the vendor and product should be evaluated. The system should be designed
taking into consideration the types, testing and quality assurance
of the software.
6.3 After installation of the
system it should be qualifi ed. The extent of
the qualification should depend on the complexity of the system. The system
should be evaluated and performance qualification, change control, maintenance
and calibration, security, contingency
planning, SOPs, training, performance
monitoring and periodic re-evaluation should be addressed.
Table 1 indicates aspects of computer systems that should be subjected to
Summary of validation requirements for computer systems
1.1 Input device
1.2 Output device
1.3 Signal converter
1.4 Central processing
1.5 Distribution system
1.6 Peripheral devices
1.1 Machine language
1.2 Assembly language
1.3 High-level language
1.4 Application language
2. Key aspects
2.2 Signal conversion
2.3 I/O operation
2.4 Command overrides
2.6 Fixed set point
Variable set point
2.9 Input manipulation
2.10 Programme overrides
3.3 Worst case
3.1 Software development
3.2 Software security
4.2 Worst case
7.1.1 As part of the validation process appropriate tests and challenges to
the hardware should
7.1.2 Static, dust, power-feed voltage fluctuations and electromagnetic
interference could influence
the system. The extent of validation should depend
on the complexity of the system. Hardware is considered to be equipment,
and the focus should be on location, maintenance and calibration of
hardware, as well as on validation/qualifi cation.
7.1.3 The validation/qualification of the hardware should prove:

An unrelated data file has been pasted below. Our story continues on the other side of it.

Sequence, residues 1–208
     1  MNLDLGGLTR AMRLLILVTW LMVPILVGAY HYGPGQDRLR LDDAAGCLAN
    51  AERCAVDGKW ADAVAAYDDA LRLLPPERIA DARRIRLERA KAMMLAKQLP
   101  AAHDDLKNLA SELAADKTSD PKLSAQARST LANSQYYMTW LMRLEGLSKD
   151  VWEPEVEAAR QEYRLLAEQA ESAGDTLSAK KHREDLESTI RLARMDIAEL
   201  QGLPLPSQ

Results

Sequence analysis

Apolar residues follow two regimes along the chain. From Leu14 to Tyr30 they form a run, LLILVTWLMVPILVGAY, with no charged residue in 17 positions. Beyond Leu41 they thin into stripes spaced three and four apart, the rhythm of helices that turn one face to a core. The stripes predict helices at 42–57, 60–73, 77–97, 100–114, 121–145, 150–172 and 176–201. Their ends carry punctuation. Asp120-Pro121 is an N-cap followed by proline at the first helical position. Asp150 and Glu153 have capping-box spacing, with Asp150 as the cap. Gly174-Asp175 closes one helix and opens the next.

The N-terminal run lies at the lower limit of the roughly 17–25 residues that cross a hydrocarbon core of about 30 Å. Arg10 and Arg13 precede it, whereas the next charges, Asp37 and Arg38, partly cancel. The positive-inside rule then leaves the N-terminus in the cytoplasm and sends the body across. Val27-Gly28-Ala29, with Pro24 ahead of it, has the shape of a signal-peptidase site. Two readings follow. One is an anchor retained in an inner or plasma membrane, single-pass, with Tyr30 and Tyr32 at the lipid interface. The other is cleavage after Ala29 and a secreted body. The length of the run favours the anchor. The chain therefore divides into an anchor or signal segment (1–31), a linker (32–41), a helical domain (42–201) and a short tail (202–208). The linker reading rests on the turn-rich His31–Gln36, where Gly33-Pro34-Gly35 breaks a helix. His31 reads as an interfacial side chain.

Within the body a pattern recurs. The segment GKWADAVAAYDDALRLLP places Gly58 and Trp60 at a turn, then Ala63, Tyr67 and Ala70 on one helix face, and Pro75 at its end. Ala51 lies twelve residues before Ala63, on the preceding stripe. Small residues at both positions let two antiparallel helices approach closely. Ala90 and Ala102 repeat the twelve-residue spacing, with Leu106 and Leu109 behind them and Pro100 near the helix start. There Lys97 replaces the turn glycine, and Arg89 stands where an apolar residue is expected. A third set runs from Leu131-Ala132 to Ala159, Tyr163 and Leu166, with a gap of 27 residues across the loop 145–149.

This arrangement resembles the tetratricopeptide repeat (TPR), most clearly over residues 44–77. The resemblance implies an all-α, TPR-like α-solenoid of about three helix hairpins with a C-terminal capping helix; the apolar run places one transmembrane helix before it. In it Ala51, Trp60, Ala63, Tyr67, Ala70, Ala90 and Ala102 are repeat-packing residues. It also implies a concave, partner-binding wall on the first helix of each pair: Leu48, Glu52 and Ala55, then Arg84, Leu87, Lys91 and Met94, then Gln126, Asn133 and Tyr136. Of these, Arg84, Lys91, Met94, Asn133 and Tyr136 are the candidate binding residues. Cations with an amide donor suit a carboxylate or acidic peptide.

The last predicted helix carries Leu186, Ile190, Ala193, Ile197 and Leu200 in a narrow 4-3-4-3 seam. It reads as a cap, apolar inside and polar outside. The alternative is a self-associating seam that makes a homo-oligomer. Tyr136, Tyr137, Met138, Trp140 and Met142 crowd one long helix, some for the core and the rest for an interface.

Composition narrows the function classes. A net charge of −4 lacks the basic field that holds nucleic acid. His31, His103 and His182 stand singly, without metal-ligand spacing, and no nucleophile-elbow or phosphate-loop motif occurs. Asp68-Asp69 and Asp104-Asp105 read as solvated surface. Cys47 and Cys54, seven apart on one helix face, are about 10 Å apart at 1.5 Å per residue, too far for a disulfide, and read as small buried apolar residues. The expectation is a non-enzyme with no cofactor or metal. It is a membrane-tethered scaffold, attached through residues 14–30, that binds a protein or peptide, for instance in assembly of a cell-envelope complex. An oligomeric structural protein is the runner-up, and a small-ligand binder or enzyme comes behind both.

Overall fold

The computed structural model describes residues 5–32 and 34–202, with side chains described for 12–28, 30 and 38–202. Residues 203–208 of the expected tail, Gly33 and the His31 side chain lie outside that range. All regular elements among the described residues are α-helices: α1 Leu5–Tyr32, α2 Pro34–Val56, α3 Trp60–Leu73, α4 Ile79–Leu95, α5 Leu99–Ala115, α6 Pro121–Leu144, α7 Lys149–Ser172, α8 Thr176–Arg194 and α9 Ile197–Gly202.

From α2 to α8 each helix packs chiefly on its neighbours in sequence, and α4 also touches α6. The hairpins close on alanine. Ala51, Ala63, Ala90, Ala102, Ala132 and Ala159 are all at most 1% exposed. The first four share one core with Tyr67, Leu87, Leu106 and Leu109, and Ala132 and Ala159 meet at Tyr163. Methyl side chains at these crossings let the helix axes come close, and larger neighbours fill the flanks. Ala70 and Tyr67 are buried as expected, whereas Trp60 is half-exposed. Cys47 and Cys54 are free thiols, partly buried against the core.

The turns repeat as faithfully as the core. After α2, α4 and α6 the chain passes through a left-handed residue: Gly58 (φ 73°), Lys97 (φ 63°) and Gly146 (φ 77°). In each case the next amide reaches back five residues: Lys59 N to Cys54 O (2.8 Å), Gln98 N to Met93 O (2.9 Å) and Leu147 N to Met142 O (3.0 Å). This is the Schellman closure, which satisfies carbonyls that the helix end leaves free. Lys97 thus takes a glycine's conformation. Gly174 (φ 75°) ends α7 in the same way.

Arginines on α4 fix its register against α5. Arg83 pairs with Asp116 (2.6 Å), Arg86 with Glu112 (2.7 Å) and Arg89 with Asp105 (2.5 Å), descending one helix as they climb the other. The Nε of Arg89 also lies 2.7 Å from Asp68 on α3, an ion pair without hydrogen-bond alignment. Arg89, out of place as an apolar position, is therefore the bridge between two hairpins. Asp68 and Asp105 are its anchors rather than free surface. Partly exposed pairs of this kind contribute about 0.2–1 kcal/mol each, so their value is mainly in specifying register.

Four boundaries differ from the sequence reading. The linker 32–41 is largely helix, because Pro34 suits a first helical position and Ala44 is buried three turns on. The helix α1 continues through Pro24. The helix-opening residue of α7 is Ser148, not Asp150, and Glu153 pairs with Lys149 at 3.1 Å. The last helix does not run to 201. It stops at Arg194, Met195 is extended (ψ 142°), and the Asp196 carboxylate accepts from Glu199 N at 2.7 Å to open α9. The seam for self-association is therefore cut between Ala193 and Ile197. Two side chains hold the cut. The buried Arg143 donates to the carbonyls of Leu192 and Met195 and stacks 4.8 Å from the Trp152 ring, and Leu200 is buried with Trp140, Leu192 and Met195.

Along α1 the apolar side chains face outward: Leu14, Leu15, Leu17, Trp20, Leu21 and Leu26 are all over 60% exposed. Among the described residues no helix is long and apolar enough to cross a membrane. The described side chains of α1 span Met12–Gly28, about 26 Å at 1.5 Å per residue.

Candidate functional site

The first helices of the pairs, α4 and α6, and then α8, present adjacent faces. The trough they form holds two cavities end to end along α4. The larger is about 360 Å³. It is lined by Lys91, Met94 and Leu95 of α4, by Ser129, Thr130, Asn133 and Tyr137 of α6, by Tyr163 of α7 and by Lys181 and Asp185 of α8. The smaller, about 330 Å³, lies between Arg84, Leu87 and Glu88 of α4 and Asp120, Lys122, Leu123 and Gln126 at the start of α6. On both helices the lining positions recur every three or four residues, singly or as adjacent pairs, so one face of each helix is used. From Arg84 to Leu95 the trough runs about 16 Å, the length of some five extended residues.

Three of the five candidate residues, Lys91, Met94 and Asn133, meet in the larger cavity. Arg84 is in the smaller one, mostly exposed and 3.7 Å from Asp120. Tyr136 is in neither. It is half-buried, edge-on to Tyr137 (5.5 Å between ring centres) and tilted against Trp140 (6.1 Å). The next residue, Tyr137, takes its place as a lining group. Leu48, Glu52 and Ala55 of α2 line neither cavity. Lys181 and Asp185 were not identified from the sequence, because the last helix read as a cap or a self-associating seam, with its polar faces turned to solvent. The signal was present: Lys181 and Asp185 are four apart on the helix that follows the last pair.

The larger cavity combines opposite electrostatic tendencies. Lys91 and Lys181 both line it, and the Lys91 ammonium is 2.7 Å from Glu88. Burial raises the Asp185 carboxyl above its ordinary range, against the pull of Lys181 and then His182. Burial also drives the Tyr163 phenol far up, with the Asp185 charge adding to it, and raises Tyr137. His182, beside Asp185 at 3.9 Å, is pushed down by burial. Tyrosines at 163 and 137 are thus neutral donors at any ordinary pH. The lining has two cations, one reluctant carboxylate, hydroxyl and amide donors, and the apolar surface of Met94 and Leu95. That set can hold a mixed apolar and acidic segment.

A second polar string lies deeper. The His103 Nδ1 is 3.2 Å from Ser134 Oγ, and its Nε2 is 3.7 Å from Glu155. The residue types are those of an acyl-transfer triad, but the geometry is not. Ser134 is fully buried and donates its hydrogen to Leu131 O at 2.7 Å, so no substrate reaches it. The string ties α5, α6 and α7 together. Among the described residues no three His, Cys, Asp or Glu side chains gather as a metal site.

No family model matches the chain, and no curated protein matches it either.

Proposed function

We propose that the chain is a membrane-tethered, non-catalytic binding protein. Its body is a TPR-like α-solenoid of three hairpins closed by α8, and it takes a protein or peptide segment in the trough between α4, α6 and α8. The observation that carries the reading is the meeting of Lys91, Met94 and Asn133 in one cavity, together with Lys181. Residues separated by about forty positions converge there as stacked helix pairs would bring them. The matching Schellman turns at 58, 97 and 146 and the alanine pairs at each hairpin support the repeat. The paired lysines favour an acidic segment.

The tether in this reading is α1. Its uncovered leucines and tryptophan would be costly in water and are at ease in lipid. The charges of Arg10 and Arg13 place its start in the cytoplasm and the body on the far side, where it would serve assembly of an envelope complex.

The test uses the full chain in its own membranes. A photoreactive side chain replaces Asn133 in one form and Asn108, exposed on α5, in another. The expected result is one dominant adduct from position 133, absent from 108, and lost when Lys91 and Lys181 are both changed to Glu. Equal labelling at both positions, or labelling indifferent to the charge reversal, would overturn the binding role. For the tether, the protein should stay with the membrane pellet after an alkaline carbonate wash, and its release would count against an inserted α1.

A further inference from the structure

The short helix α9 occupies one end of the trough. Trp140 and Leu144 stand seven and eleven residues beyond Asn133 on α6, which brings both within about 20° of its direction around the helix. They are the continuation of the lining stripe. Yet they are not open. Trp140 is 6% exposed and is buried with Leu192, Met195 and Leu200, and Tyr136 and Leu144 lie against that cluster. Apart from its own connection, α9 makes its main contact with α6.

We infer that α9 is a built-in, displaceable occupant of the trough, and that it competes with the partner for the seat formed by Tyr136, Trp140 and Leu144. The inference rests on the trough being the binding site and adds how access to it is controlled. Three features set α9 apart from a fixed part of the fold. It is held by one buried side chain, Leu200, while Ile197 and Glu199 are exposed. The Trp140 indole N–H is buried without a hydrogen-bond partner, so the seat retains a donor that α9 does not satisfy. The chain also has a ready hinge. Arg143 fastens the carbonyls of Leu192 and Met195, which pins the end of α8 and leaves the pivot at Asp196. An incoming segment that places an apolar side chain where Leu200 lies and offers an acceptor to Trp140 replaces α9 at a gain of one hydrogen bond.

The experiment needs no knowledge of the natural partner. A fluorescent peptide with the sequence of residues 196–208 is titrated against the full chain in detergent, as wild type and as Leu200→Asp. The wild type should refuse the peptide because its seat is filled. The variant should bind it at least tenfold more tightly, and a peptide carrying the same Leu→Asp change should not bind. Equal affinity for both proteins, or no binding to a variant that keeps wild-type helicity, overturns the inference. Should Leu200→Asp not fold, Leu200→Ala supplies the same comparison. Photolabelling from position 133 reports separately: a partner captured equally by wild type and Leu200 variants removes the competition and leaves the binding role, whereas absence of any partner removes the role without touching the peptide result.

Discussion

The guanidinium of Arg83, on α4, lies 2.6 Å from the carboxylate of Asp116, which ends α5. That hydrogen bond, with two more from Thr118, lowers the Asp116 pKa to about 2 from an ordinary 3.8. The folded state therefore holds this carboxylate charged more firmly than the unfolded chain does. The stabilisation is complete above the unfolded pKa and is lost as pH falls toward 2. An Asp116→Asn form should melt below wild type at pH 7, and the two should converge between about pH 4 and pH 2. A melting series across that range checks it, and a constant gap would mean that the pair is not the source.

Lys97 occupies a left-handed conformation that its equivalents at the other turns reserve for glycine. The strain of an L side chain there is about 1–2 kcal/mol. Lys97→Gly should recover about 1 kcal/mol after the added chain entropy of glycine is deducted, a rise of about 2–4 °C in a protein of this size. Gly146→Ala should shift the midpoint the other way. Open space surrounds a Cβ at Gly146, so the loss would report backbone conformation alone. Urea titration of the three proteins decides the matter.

that the capacity of the hardware matches
its assigned function (e.g.
that it operates within the operational limits (e.g.
ports, input ports);
that it performs acceptably under worst-case conditions (e.g. long
temperature extremes); and
reproducibility/consistency (e.g. by performing at least three runs
7.1.4 The validation should be done in accordance with written qualifi cation
and the results should be recorded in the qualifi cation reports.
7.1.5 Revalidation should be performed when significant
changes are made.
7.1.6 Much of the hardware validation may be performed by the computer
vendor. However, the ultimate
responsibility for the suitability of equipment
used remains with the company.
7.1.7 Hardware validation data and
protocols should be kept by the company.
When validation information is produced by an outside fi rm, e.g.
vendor, the records maintained by the company need not include
all of the voluminous test data; however, such records
should be suffi ciently
complete (including general results and protocols) to allow the company
to assess the adequacy
of the validation. A mere certifi cation of suitability
from the vendor, for example, will be inadequate.
7.2.1 Software is the term used to describe the complete set of programmes
used by a computer, and which should be
listed in a menu.
7.2.2 Records are considered as software; focus is placed on accuracy,
security, access, retention
of records, review, double checks, documentation
and accuracy of reproduction.
7.2.3 The company should identify the following key computer programmes:
language, name, function (purpose of the
programme), input (determine
inputs), output (determine outputs), fixed set point (process variable
that cannot be
changed by the operator), variable set point (entered by the
operator), edits (reject input/output that does not conform
to limits and minimize
errors, e.g. four- or five-character number entry), input manipulation
(and equations) and
programme overrides (e.g. to stop a mixer before time).
7.2.4 The personnel who have the ability and/or are authorized
alter or have access to programmes should be identifi ed.
7.2.5 Software validation should provide assurance
that computer programmes
(especially those that control manufacturing and processing) will
consistently perform as
they are supposed to, within pre-established limits.
When planning the validation, the following points should be
Function: does the programme match the assigned operational function
(e.g. generate batch documentation,
different batches of material used in
a batch listed)?
Worst case: perform validation under different
conditions (e.g. speed,
data volume, frequency).
Repeats: sufficient number of times (replicate data entries).
Documentation: protocols and reports.
Revalidation: needed when significant changes are made.